Synopses & Reviews
The extraordinary photography in this book was inspired by the author's reading of Patrick O'Brian's Aubrey/Maturin novels. In small museums along the English coast, and in private collections, James McGuane has recorded artifacts recovered from shipwrecks and preserved by modern conservation techniques. Taken together, these unique treasures provide a window onto the everyday life of sailors and officers in the Royal Navy of the Napoleonic era. Thanks to advances in marine archaeology, it is often possible to establish the exact identity of a wrecked warship, along with the date and circumstances of its sinking. We are thus provided with a moment frozen in time: tools, clothing, utensils, weapons, and fragments of the ship itself startlingly intact. These photographs bring home to the reader--as words alone cannot--what a sailor's life in that time was really like. Also photographed here is Admiral Horatio Nelson's flagship , proudly preserved at Portsmouth. Victory survived the great fleet action at Trafalgar, where Nelson himself died, and it is still a commissioned ship in the Royal Navy.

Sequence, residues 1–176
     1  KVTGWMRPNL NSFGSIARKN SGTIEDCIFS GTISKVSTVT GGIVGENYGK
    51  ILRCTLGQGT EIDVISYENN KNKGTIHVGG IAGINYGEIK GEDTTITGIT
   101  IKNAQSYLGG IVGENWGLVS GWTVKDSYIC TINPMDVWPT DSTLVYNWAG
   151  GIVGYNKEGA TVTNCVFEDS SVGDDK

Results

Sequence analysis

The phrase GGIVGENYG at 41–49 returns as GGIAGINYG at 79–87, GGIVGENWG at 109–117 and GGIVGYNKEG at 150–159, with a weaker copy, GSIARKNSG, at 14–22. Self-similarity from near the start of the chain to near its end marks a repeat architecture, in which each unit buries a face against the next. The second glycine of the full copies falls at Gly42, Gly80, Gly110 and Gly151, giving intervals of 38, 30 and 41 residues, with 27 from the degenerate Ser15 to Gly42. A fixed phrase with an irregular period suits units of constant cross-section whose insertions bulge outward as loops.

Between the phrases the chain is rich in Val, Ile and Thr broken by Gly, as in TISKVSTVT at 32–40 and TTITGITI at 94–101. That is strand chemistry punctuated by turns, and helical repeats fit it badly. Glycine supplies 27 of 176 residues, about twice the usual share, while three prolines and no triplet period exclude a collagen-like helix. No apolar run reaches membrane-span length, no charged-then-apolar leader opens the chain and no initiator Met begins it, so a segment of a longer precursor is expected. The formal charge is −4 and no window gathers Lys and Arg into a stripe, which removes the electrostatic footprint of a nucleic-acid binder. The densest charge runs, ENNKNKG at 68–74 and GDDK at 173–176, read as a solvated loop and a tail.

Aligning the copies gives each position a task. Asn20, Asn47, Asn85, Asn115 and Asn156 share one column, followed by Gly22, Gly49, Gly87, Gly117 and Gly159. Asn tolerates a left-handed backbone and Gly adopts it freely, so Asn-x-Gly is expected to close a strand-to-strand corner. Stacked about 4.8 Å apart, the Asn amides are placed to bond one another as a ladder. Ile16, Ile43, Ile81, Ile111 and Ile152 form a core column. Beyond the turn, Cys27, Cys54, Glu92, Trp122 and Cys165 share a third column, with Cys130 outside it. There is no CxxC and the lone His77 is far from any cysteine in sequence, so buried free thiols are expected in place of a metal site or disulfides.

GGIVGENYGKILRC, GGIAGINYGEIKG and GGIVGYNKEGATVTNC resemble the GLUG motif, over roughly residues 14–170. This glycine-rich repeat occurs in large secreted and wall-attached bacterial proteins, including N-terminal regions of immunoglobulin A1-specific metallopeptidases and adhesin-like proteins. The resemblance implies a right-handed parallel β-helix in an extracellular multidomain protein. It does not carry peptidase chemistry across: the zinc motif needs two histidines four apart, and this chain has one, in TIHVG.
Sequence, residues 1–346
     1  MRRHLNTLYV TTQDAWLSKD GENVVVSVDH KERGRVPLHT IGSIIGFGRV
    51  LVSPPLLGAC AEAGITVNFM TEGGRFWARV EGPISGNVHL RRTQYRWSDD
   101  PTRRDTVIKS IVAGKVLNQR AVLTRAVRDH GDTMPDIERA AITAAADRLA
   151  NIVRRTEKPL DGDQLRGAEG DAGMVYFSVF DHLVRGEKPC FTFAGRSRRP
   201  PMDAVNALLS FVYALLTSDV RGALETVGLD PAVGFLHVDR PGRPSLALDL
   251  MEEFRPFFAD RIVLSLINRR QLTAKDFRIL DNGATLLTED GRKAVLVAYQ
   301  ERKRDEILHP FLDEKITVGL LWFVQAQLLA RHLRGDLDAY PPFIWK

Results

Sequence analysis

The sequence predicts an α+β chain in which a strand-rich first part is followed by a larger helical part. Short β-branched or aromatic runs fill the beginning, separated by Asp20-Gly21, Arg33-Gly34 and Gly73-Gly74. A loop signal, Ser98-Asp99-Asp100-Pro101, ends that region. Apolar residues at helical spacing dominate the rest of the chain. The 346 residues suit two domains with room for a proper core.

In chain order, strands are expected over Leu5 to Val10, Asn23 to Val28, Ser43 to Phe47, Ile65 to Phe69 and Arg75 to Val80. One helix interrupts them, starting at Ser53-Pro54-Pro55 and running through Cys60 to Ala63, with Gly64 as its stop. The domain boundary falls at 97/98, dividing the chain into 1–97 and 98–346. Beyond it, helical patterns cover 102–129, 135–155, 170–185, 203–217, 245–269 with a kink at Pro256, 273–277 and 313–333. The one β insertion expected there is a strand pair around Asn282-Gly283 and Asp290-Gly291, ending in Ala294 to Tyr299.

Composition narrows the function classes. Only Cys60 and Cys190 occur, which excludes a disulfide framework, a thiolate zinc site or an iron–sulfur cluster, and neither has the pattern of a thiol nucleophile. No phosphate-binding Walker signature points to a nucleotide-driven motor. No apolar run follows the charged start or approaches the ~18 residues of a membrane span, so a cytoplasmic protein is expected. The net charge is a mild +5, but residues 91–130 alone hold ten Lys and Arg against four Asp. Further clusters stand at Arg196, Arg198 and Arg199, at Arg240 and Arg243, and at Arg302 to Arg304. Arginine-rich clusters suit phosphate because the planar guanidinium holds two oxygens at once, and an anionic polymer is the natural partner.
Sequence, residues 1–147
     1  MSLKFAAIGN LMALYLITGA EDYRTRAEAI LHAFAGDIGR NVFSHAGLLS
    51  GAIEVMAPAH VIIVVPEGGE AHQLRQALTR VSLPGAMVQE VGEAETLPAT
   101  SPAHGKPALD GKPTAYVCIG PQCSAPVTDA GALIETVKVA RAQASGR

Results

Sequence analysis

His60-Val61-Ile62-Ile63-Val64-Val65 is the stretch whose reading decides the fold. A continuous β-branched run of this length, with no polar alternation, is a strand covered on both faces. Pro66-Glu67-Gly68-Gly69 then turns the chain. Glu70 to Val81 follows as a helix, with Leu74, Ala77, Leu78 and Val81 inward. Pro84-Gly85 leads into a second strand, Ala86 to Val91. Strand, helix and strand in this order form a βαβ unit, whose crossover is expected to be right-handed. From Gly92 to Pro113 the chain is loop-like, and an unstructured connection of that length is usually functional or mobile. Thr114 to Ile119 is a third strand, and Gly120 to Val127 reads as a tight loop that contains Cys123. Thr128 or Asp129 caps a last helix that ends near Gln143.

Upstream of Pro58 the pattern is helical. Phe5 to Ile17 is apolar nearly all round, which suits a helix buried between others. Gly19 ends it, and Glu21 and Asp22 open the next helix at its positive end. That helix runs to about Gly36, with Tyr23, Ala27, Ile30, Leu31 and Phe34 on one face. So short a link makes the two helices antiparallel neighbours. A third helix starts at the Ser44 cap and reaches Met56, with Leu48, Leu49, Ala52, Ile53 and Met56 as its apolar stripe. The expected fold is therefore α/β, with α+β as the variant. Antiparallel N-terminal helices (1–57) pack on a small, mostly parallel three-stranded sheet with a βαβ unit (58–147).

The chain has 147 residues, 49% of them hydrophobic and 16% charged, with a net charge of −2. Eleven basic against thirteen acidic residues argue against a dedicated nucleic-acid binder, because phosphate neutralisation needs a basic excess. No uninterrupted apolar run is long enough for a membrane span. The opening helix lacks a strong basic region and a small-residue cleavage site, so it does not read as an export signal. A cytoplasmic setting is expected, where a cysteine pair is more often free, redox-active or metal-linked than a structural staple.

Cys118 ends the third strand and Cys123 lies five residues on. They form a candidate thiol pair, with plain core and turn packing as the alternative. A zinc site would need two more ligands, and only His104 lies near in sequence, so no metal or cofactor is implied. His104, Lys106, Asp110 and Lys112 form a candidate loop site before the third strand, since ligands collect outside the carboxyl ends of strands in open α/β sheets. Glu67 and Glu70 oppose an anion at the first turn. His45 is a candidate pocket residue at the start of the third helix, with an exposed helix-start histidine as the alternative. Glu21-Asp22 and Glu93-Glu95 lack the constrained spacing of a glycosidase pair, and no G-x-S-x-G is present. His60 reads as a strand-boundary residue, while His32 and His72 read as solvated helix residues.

Inspired by Patrick O'Brien's Aubrey/Maturin novels, this is a collection of photographs from small museums & private collections around Britain. These treasures provide a window onto the life of sailors and officers in the Royal Navy of the Napoleonic era.
From tar-ladles and snuff-boxes to sailmaker's fids and carronades: a gorgeous photographic essay onthe nautical worlds of Jack Aubrey.
About the Author
James McGuane is a master photographer and filmmaker as well as a blacksmith and sculptor. His work is frequently informed by things historical and nautical. He divides his time between his home in Greenwich Village, New York City, and Cape Cod, Massachusetts.